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Hadrian's Wall and vallum and their associated features between Poltross Burn and the River Irthing in wall mile 48

List Entry Summary

This monument is scheduled under the Ancient Monuments and Archaeological Areas Act 1979 as amended as it appears to the Secretary of State to be of national importance. This entry is a copy, the original is held by the Department for Culture, Media and Sport.

Name: Hadrian's Wall and vallum and their associated features between Poltross Burn and the River Irthing in wall mile 48

List entry Number: 1015923

Location

The monument may lie within the boundary of more than one authority.

County:

District: Northumberland

District Type: Unitary Authority

Parish: Thirlwall

County: Cumbria

District: Carlisle

District Type: District Authority

Parish: Upper Denton

County: Cumbria

District: Carlisle

District Type: District Authority

Parish: Waterhead

National Park: Not applicable to this List entry.

Grade: Not applicable to this List entry.

Date first scheduled: 12-Dec-1928

Date of most recent amendment: 14-Jul-1997

Legacy System Information

The contents of this record have been generated from a legacy data system.

Legacy System: RSM

UID: 26072

Asset Groupings

This list entry does not comprise part of an Asset Grouping. Asset Groupings are not part of the official record but are added later for information.

List entry Description

Summary of Monument

Legacy Record - This information may be included in the List Entry Details.

Reasons for Designation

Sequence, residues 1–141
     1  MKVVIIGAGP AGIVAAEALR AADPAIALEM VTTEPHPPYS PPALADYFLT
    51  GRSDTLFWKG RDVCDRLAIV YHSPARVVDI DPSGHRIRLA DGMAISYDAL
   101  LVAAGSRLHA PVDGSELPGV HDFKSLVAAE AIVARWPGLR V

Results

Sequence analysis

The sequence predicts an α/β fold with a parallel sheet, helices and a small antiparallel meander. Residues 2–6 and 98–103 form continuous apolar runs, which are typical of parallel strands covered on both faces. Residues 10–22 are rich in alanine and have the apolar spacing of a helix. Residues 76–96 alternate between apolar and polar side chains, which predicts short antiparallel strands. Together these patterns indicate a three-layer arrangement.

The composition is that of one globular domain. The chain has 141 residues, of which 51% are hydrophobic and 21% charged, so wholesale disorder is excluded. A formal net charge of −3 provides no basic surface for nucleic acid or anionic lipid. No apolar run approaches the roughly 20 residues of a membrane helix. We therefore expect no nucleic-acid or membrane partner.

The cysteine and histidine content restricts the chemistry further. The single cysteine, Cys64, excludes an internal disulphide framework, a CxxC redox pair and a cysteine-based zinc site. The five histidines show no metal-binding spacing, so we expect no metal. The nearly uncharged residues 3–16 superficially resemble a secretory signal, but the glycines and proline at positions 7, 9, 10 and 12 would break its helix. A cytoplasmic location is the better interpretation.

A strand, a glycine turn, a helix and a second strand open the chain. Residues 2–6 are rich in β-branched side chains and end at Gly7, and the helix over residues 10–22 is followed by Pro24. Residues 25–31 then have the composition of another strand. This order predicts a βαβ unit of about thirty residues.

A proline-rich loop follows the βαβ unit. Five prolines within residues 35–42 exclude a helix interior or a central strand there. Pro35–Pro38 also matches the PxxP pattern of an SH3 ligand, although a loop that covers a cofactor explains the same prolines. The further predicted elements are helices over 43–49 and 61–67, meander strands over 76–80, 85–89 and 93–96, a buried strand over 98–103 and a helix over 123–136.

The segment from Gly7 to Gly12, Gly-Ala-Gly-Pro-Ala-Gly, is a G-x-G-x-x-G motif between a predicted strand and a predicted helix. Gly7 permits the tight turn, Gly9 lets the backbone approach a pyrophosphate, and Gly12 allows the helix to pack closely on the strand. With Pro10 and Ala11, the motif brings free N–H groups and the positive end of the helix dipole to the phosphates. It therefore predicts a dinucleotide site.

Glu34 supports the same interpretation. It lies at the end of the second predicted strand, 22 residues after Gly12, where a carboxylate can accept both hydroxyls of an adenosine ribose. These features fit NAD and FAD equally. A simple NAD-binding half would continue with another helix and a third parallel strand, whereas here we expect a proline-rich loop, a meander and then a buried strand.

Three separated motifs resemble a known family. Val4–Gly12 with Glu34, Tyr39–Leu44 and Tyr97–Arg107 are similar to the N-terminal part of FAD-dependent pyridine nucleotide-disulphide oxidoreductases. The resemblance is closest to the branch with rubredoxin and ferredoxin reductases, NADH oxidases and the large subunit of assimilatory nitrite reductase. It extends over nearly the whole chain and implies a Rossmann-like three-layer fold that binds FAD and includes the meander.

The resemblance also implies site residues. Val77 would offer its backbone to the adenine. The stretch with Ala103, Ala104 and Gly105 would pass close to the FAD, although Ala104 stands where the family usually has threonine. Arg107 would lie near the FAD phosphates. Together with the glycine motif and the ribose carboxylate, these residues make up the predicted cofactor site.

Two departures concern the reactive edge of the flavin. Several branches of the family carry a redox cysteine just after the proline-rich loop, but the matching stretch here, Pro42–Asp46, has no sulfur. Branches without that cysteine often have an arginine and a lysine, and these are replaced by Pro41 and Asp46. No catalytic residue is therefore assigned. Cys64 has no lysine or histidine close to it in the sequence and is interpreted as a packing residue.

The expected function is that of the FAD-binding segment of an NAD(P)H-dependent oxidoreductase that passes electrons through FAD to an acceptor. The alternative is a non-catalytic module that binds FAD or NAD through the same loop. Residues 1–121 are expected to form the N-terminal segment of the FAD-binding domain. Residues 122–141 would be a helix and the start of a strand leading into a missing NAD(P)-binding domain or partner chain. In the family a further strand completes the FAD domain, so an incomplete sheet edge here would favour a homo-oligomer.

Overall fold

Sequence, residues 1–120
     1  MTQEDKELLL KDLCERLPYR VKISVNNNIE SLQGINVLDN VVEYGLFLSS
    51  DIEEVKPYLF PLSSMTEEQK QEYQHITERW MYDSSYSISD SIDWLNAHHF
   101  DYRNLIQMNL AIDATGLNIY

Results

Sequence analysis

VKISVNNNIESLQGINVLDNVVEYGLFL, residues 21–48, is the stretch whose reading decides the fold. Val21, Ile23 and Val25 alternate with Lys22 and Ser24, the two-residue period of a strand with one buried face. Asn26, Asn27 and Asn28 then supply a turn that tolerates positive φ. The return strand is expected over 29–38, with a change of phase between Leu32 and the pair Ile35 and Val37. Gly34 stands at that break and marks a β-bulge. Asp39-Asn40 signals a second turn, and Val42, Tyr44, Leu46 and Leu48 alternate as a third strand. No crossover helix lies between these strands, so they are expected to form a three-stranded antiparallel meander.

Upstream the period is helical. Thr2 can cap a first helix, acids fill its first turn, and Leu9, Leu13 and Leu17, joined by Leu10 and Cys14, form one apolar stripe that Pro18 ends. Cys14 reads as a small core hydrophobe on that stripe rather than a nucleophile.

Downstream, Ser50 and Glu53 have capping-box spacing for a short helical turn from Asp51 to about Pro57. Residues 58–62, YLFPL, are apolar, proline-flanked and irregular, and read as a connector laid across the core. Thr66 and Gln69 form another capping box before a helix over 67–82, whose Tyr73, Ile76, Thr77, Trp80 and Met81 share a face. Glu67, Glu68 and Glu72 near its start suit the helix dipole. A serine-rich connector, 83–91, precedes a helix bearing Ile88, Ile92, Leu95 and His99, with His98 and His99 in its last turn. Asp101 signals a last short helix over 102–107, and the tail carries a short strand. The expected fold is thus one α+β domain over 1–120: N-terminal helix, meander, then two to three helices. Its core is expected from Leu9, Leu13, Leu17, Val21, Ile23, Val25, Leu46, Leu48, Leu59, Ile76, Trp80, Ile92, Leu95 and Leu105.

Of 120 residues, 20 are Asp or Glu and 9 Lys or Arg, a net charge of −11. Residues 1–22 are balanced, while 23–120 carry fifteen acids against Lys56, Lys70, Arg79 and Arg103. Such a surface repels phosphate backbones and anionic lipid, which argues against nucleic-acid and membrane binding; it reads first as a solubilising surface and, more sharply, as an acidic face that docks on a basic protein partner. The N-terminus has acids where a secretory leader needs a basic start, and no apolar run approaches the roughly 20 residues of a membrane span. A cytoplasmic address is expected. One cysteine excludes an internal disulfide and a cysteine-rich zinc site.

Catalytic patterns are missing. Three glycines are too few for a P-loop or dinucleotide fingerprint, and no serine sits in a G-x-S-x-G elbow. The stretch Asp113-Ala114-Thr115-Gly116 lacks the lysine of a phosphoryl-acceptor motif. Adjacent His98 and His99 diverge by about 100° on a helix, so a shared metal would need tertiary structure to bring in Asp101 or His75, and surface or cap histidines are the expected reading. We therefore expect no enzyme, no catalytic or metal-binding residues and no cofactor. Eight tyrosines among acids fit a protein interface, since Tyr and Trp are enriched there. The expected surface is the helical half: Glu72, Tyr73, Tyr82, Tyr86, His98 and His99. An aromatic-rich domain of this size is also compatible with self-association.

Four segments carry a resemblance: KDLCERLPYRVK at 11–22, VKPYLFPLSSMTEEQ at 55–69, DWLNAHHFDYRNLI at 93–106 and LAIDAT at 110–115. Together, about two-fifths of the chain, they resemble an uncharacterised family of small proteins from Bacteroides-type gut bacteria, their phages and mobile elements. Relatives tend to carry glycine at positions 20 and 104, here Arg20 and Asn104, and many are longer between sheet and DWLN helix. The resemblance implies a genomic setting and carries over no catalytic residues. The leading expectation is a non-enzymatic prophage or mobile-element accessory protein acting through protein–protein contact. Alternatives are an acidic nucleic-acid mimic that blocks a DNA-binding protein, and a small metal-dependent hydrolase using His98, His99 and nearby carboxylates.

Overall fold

Hadrian's Wall marks one of the frontiers of the Roman Empire. The international importance of the surviving remains has been recognised through designation as a World Heritage Site. The military importance of the Tyne-Solway route across the Pennines was recognised by the Romans during their early campaigns through northern England and into Scotland in the second half of the first century AD. At this time a military road, the Stanegate, was constructed along with a series of forts. Subsequently the Romans largely withdrew from Scotland and there is evidence that the Tyne-Solway route was being recognised as a frontier by the start of the second century AD. This position was consolidated in the early second century by the construction of a substantial frontier work, Hadrian's Wall, under the orders of the Emperor Hadrian. Hadrian's successor, Antoninus Pius, subsequently attempted to establish the boundary further north, between the Clyde and the Firth of Forth, but by c.AD 160 growing unrest amongst the native populations of northern Britain and pressures elsewhere in the Empire caused a retraction back to the Hadrianic line. Hadrian's Wall was then the frontier of the Roman Empire in Britain until c.AD 400 when the Roman armies withdrew from Britain. Stretching over 70 miles from coast to coast, Hadrian's Wall was a continuous barrier built of stone in the east and, initially, of turf in the west. The stone wall was originally designed to be ten Roman feet wide and sections of this width are termed broad wall. A change of plan shortly after construction began led to a reduction in the width of the Wall to eight Roman feet, such sections being termed narrow wall. Today, stretches of both wall types survive, including some sections of narrow wall built on broad wall foundations. For most of its length a substantial ditch on the northern side provided additional defence. Where the Wall crossed rivers, bridges were constructed to carry it across. Construction of the Wall was organised and executed by legionary soldiers. From the beginning the barrier was planned to comprise more than just a curtain wall. At regularly spaced intervals of about a mile along its length lay small walled fortlets known as milecastles. These were attached to the southern side of the Wall and most had a gateway through the Wall to the north. Hence they controlled crossing points through the Wall as well as affording space for a small stable garrison. Between the milecastles were two equally spaced towers known as turrets. Together the milecastles and turrets provided bases from which the curtain wall could be watched and patrolled. Both the turrets and milecastles are thought to have been higher than the Wall itself to provide suitable observation points. It is often assumed that a platform existed on the Wall so that troops could actually patrol along the wall top; it is however far from certain that this was the case. At the western end of the Wall a system of towers, small fortlets and palisade fences extended the frontier system another 30 miles or so down the Cumbrian coast and helped control shipping moving across the estuary of the Solway Firth. As originally planned, and apart from whatever space there was in the milecastles, provision for the accommodation of garrison troops manning the Wall was left with the line of forts which already lay along the Stanegate. At some point a fundamental change of plan took place and forts were constructed along the line of the Wall itself. There are now known to have been 16 forts either attached to the Wall or in close association with it. Some overlay earlier features such as turrets or milecastles. At this stage another linear element, the vallum, was also added to the defensive system to the south of the Wall. This was a broad flat-bottomed ditch flanked by a pair of linear banks. It shadows the course of the Wall for almost all its length, sometimes lying very close to it but sometimes up to a kilometre away from it. The vallum's main function was to act as a barrier to restrict access to the Wall from the south. It also had a function in linking the forts along the Wall with a method of lateral communication. When the forts were placed along the wall line no provision was made for a road to link them. This situation was clearly found impracticable and a metalled track was therefore provided in places along the vallum between the north mound and the ditch. Later, after the withdrawal back to the Hadrianic line from the Antonine Wall, various refurbishments were made throughout the frontier line. At this stage a new linear feature was added: the `Military Way'. This was a road linking all elements of the Wall defence, running from fort to fort within the area bounded by the Wall and the vallum. Throughout its long history the Wall was not always well maintained. It was often neglected and sometimes overrun, but it remained in use until the late fourth century when a weak and divided Roman Empire finally withdrew its armies from the Wall and Britain. It now survives in various states of preservation. In places, especially in the central section, the Stone Wall still remains several courses high and the attached forts, turrets and milecastles are also clearly indentifiable. Earthwork features such as the ditch, vallum and Military Way also survive well in places. Elsewhere the Stone Wall has been virtually robbed out and only its foundations survive beneath the present ground surface. Similarly, stretches of the earthwork remains, including sections of the Turf Wall, have been levelled or infilled and now only survive as buried features. Although some sections of the frontier system no longer survive visibly, sufficient evidence does exist for its position to be fairly accurately identified throughout most of its length.